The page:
The biggest culprit is the question mark key. It no longer has its own key, which is very inconvenient and difficult to get used to. Again, I'd be happier with a shorter shift key.
Beyond the layout, the keyboard is surprisingly easy to type. The trip is very flat but it's about what I would expect from a device like this. After all, keeping it as thin as possible is of the utmost importance. It feels a bit thick to type as a laptop because the palm rests are almost non-existent. This also means that the touchpad is very small. That is unfortunate. It's going well enough, but it feels tight.
Fortunately, once you pull the keyboard away from the screen, the device thickness problem is resolved. This is my preferred way of using the ThinkPad X1 Fold. With the screen fully open and supported by the stand, you can sit back with the keyboard and use it however you want. This is an attitude that even the Surface Pro cannot replicate. I found it ideal for getting work done thanks to the 4: 3 13-inch screen.
Of course, you'll still face the limitations of the keyboard, but the freedom of movement is excellent. If only the ThinkPad X1 Fold could act as a secondary monitor! You can of course use one of the USB-C ports to connect to an external display while the other is used for charging.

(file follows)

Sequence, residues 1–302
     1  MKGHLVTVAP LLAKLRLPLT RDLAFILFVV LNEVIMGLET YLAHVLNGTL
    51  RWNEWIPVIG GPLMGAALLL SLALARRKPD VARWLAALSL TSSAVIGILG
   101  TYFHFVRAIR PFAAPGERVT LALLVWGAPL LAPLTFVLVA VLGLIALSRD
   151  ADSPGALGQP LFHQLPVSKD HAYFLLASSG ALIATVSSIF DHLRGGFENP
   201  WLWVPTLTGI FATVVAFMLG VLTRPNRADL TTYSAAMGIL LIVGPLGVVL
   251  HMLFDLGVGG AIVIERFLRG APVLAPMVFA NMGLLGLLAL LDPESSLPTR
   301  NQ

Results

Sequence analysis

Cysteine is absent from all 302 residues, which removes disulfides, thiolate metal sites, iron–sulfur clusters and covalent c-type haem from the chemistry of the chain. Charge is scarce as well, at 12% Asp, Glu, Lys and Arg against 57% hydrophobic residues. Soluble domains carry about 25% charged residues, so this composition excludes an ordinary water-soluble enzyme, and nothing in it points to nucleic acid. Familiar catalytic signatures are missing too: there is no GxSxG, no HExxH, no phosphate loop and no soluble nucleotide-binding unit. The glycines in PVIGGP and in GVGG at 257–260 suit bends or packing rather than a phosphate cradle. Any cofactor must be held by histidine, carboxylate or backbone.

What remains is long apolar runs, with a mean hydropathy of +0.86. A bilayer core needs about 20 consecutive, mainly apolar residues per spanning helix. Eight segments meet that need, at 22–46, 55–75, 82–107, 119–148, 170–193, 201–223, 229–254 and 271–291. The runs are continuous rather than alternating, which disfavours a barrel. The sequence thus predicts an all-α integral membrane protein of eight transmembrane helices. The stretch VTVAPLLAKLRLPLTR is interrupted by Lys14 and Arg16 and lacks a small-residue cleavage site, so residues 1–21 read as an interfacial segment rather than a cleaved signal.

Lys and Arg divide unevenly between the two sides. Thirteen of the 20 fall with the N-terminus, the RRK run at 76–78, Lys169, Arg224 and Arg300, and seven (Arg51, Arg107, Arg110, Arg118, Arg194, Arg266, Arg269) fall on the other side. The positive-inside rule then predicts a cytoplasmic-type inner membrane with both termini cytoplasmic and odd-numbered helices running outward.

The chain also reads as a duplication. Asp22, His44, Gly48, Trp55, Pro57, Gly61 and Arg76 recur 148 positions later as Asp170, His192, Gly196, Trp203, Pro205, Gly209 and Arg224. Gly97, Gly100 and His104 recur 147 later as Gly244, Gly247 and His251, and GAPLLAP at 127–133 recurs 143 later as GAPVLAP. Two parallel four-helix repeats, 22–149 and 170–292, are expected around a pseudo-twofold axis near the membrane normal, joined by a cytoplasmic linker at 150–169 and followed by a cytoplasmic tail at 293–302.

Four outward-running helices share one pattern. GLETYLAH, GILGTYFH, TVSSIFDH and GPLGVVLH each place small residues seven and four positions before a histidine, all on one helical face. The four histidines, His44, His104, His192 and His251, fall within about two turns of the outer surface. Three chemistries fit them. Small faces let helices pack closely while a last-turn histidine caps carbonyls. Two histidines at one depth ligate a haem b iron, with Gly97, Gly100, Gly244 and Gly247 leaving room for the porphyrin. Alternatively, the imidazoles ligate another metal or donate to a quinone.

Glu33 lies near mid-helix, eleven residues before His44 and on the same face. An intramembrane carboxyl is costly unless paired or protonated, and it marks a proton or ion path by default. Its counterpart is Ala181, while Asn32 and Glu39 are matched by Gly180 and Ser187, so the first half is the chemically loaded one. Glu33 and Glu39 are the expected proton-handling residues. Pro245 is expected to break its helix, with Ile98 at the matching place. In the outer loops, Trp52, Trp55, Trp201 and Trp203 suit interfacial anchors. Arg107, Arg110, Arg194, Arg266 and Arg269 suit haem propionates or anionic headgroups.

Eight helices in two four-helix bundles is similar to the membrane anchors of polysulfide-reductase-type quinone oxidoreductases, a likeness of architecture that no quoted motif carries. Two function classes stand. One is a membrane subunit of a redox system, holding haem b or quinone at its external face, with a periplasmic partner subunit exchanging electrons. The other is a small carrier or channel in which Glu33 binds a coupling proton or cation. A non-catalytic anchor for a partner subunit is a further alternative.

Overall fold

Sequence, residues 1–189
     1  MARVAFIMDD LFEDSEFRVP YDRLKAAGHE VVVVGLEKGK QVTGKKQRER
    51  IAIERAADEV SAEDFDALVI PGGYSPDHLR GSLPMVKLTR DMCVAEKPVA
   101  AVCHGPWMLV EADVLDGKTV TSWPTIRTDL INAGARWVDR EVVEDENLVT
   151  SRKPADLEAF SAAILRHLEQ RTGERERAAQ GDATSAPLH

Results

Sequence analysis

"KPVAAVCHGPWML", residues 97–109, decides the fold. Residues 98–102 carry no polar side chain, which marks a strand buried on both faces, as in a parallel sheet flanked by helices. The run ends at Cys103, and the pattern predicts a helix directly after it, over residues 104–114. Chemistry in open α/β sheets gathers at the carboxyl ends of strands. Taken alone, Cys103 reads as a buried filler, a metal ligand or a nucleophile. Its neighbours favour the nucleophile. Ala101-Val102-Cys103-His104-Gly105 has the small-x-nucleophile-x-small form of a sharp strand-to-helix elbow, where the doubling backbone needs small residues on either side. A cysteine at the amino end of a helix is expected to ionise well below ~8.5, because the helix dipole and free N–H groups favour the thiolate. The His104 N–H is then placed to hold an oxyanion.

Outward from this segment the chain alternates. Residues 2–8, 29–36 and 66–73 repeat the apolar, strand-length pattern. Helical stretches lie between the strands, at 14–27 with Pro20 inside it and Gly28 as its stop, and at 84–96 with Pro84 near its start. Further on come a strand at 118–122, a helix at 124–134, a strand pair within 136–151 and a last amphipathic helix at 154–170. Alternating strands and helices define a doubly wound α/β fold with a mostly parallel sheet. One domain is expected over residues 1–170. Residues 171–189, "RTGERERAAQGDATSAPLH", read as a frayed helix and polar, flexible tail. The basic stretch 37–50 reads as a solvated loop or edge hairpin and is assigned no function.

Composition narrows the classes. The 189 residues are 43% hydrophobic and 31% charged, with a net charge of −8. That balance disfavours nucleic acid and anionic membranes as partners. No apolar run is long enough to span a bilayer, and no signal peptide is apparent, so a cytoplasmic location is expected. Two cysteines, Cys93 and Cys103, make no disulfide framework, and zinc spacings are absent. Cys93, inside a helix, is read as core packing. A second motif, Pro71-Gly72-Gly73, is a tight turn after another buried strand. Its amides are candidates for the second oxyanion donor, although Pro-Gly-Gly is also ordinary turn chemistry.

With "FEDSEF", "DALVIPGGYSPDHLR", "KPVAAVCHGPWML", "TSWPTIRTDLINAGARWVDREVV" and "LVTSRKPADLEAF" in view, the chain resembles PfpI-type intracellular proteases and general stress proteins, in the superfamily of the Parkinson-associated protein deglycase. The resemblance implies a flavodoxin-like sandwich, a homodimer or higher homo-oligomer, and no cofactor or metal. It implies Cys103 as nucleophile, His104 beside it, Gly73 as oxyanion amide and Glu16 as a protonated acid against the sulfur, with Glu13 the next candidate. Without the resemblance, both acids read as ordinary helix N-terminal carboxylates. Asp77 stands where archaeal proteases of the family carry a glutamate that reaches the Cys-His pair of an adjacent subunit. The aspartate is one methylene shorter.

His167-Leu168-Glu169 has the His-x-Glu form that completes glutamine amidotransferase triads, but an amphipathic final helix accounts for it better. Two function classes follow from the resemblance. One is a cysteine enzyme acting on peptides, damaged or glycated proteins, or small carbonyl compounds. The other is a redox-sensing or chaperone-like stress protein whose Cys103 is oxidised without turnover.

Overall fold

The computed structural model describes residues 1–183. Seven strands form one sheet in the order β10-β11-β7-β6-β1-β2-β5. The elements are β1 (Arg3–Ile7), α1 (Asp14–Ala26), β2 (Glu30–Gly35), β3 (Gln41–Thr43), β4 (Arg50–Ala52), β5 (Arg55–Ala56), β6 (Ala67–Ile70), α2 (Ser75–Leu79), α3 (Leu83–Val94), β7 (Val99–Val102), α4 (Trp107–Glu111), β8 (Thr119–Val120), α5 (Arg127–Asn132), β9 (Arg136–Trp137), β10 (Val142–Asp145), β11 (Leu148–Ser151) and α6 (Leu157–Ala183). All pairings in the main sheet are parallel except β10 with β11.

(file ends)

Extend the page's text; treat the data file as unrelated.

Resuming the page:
The second problem with both the keyboard and the pen, however, is that none of them are included. As with other Windows 2-in-1 devices, I would be very disappointed if I only bought the ThinkPad X1 Fold without a keyboard. This is a bummer, especially when the keyboard feels like such an essential aspect of the device.
Adding both peripherals costs an additional $ 250. This is more than what Microsoft charges for the Surface Pen and Type Cover.
Display and speaker
The foldable OLED display is the star of the show. It's a 13.3-inch screen with a resolution of 2048 x 1536. This is an aspect ratio of 4: 3 and makes the screen so different from your standard 16: 9 or 16:10 laptop. The square shape makes for a better tablet and a wonderfully large work area. Lots of space to distribute apps and display the entire length of the web pages.
The screen has a pleasantly warm tint and the color accuracy is not the strength of this laptop. Thanks to the performance limitations, you shouldn't be doing much beyond basic photo editing here anyway. With the large color spaces (100% sRGB and 97% AdobeRGB) and the striking contrast of the OLED, the ThinkPad X1 Fold is a great device for watching videos and films on the go.